I came away from last night's episode with a very surprising reaction - I felt sad. Naturally, I expected a lot of air time on the Challenger and Columbia accidents - and realized that there was NO way they could cover the amount of flights and their achievements other than HST and ISS - but I sat there and realized that it will all be over in two years. Listening to the enthusiasm of Hoot Gibson and Eileen Collins and all of the others, really brought back a lot of old memories. And, of course, John Young's dry wit about safety REALLY added a sharp edge to all of it.

Of special note was when Gene Kranz starting talking about EVA now versus Ed White's flight and the early EVA's. We take things for granted today.

So, now we wait for the third generation of spaceflight. There's a lot of history in the MGA projects and then the Shuttle. I hope we and the government don't really screw up the Constellation program.

bruce
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From: Fort Mill, SC, USA
Registered: Aug 2000

posted 06-23-2008 08:43 PM     Click Here to See the Profile for bruce   Click Here to Email bruce     Edit/Delete Message   Reply w/Quote
Let's face it. To give everything its proper due, from the X-15 through Shuttle, this would easily have to be a weekly two-hour series of shows ... for several years!

However, watching the three episodes through my wife's and teenage daughter's eyes, and in hearing their comments, I think the series succeeded in bringing an informative sampling of missions that represented each program (M-G-A-S), along with a nice combination of narration and astronaut comments, plus some great footage (albeit not 100% accurately used at times).

If the goal of this series was to relate these stories, in some chronology, with a sense of wonderment and pride, and to convey the human curiosity and need to explore space, I would have to say mission accomplished. Of course, the extra footage offered on the DVD's is what most of us are waiting for now!

328KF
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From:
Registered: Apr 2008

posted 06-23-2008 10:40 PM     Click Here to See the Profile for 328KF   Click Here to Email 328KF     Edit/Delete Message   Reply w/Quote
I am sitting here now watching "Shadow" on Discovery. I can't help feeling very fortunate to have had this program and the other two recent efforts (WWLE and "Wonder") produced in this 50th anniversary year of NASA. We all find our faults, slight as they may be, in each program. But taken as a whole, I think more of the true thoughts and feelings of these men and women have been captured on film than ever before.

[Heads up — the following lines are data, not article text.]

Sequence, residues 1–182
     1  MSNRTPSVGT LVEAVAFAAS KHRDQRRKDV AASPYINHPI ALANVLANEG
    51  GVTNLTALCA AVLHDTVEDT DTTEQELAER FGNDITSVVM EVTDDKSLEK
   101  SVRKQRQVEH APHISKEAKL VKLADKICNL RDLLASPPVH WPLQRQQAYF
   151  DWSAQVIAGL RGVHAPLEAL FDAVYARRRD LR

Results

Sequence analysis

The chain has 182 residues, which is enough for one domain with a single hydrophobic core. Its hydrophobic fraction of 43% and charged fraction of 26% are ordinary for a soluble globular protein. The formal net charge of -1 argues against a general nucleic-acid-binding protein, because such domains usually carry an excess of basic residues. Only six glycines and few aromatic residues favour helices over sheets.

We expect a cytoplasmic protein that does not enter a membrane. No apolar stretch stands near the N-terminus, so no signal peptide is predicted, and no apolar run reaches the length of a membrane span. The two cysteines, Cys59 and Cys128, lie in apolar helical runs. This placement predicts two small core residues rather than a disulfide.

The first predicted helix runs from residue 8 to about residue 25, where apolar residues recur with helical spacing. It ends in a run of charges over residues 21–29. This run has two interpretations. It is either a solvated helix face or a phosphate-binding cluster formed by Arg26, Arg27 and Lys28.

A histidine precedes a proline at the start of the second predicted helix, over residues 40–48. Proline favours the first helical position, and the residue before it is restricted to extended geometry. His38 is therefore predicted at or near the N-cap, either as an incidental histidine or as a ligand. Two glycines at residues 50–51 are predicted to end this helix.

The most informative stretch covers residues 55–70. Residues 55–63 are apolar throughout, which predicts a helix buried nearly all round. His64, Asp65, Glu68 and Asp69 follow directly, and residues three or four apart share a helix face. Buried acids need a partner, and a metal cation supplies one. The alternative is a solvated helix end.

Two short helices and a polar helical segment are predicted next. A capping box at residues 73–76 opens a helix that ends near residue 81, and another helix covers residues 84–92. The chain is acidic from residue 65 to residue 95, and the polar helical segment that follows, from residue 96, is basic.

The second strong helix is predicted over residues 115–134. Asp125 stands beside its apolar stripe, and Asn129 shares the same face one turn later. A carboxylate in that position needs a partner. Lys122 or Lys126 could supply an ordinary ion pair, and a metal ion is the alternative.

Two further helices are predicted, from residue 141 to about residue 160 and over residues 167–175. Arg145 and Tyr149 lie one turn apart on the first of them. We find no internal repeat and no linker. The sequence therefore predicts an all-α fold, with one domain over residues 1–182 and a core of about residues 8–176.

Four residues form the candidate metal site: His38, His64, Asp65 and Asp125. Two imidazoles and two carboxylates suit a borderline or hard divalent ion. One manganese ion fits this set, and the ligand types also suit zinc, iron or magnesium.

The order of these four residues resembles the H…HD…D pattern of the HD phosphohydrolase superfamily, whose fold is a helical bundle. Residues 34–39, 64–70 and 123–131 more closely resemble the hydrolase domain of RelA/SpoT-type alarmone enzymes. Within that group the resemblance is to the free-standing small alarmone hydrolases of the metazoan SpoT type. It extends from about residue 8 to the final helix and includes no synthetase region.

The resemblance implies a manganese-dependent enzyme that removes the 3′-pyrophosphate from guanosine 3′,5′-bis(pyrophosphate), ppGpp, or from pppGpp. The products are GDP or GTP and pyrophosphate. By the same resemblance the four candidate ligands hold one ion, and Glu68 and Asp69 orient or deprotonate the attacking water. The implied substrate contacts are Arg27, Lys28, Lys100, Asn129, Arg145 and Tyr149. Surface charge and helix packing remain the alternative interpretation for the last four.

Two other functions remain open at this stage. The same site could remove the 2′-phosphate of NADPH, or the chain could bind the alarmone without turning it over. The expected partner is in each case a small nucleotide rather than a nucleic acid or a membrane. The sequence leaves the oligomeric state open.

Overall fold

Each producer/director had their own approach to the subject and how to present it, making each effort unique and entertaining. Rather than dwell on the oversights, I find it absolutely amazing that the likes of Dave Scott, John Young, and Neil Armstrong were at long last amenable to sitting down in front of a camera and, particularly in Neil's case, quite eloquently discuss the events of their missions.

I find it interesting that while some of the astronauts have polished their "space talk" into a well-rehearsed, yet compelling yarn, others like Charlie Duke never seem to stop finding new ways to explain things.

These three films together will probably stand as the greatest collection of recorded interview material from these astronauts and controllers. Taken in context with the compelling memoirs that have been marketed in recent years, a clearer picture of the program emerges for enthusiasts like us and serves as inspiration for future explorers-to-be.

And yet, there is more to come. No one ever thought we would see an Armstrong authorized bio, and now it is to be followed by a memoir by John Young. The "Outward Odyssey" series continues in production with some of the most exciting material yet offered. "Dangerous Films" has two big programs coming next year, and we continue to await a possible Armstrong movie. Mark Gray works tirelessly to provide us with the raw material we all crave, while virtually making history himself.

We do indeed live in interesting times.

MrSpace86
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Posts: 1379
From: Gardner, KS, USA
Registered: Feb 2003

posted 06-23-2008 10:52 PM     Click Here to See the Profile for MrSpace86   Click Here to Email MrSpace86     Edit/Delete Message   Reply w/Quote
I had never seen the declassified footage of Challenger. That was very interesting!

Overall, it was very good for the masses, but some of the things shown, cut out, or the mistaken footage was painful for guys like us!

Dwight
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Posts: 468
From: Germany
Registered: Dec 2003

posted 06-24-2008 05:51 AM     Click Here to See the Profile for Dwight   Click Here to Email Dwight     Edit/Delete Message   Reply w/Quote
Does anyone know if the Blu-rays are Region free (ie regions A, B and C?)